|Blocks and flow graphs; see Note [Kinds of graphs]
|And now the zipper. The focus is between the head and tail.
We cannot ever focus on an inter-block edge.
|A basic block is a first node, followed by zero or more middle
nodes, followed by a last node.
|insertBlock should not be used to replace an existing block
but only to insert a new one
|class HavingSuccessors b where||Source|
|We can't make a graph out of just any old 'last node' type. A last node
has to be able to find its successors, and we need to be able to create and
identify unconditional branches. We put these capabilities in a type class.
Moreover, the property of having successors is also shared by Blocks and
ZTails, so it is useful to have that property in a type class of its own.
|-> BlockId||N.B. This interface seems to make for more congenial clients than a
single function of type 'l -> Maybe BlockId'
|Take a head and tail and go to beginning or end. The asymmetry
in the types and names is a bit unfortunate, but 'Block m l' is
effectively '(BlockId, ZTail m l)' and is accepted in many more places.
We can splice a single-entry, single-exit LGraph onto a head or a tail.
For a head, we have a head h followed by a LGraph g.
The entry node of g gets joined to h, forming the entry into
the new LGraph. The exit of g becomes the new head.
For both arguments and results, the order of values is the order of
control flow: before splicing, the head flows into the LGraph; after
splicing, the LGraph flows into the head.
Splicing a tail is the dual operation.
(In order to maintain the order-means-control-flow convention, the
orders are reversed.)
For example, assume
head = [L: x:=0]
grph = (M, [M: stuff,
N: y:=x; LastExit])
tail = [return (y,x)]
Then splice_head head grph
= ((L, [L: x:=0; goto M,
, N: y:=x)
Then splice_tail grph tail
= ( stuff
, (???, [blocks,
N: y:=x; return (y,x)])
A safe operation
Conversion to and from the environment form is convenient. For
layout or dataflow, however, one will want to use postorder_dfs
in order to get the blocks in an order that relates to the control
flow in the procedure.
|Conversion from LGraph to Graph
Traversal: postorder_dfs returns a list of blocks reachable
from the entry node. This list has the following property:
Say a back reference exists if one of a block's
control-flow successors precedes it in the output list
Then there are as few back references as possible
The output is suitable for use in
a forward dataflow problem. For a backward problem, simply reverse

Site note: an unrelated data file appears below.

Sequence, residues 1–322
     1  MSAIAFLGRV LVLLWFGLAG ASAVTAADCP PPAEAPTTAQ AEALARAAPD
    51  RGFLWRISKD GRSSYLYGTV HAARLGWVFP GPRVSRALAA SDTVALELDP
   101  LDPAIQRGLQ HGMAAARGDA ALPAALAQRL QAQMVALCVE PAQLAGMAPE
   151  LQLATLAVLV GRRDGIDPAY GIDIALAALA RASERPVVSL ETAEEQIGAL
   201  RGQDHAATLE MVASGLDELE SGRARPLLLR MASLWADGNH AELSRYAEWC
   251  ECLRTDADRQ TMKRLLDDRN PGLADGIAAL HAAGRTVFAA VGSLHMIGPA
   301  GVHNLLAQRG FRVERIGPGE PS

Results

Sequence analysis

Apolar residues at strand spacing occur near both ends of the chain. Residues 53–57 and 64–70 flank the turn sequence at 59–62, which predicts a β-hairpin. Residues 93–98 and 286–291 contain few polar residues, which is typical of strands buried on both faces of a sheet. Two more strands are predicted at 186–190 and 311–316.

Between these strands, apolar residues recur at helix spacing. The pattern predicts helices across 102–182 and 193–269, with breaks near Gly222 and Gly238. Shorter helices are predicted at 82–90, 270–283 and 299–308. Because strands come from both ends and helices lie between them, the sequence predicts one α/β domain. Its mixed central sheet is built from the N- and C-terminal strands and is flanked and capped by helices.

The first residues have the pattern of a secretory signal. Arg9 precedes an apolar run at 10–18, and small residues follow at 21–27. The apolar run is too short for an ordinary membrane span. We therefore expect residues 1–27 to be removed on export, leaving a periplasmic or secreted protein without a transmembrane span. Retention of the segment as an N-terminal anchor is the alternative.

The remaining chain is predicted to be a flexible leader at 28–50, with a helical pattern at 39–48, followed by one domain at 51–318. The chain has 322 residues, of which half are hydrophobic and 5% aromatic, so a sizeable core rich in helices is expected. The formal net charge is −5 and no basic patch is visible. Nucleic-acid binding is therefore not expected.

the list. (postorder_dfs is sufficiently tricky to implement that
one doesn't want to try and maintain both forward and backward
This is the most important traversal over this data structure. It drops
unreachable code and puts blocks in an order that is good for solving forward
dataflow problems quickly. The reverse order is good for solving backward
dataflow problems quickly. The forward order is also reasonably good for
emitting instructions, except that it will not usually exploit Forrest
Baskett's trick of eliminating the unconditional branch from a loop. For
that you would need a more serious analysis, probably based on dominators, to
identify loop headers.
The ubiquity of postorder_dfs is one reason for the ubiquity of the LGraph
representation, when for most purposes the plain Graph representation is
more mathematically elegant (but results in more complicated code).
Here's an easy way to go wrong! Consider
A -> [B,C]
B -> D
C -> D
Then ordinary dfs would give [A,B,D,C] which has a back ref from C to D.
Better to get [A,B,C,D]
For layout, we fold over pairs of 'Block m l' and 'Maybe BlockId'
in layout order. The 'Maybe BlockId', if present, identifies the
block that will be the layout successor of the current block. This
may be useful to help an emitter omit the final goto of a block
that flows directly to its layout successor.
For example: fold_layout f z [ L1:B1, L2:B2, L3:B3 ]
= z $ f (L1:B1) (Just L2)
$ f (L2:B2) (Just L3)
$ f (L3:B3) Nothing
where a $ f = f a
|We can also fold over blocks in an unspecified order. The
ZipCfgExtras module provides a monadic version, which we
haven't needed (else it would be here).
|Fold from first to last
|These translation functions are speculative. I hope eventually
they will be used in the native-code back ends ---NR
|Produced by Haddock version 2.6.1|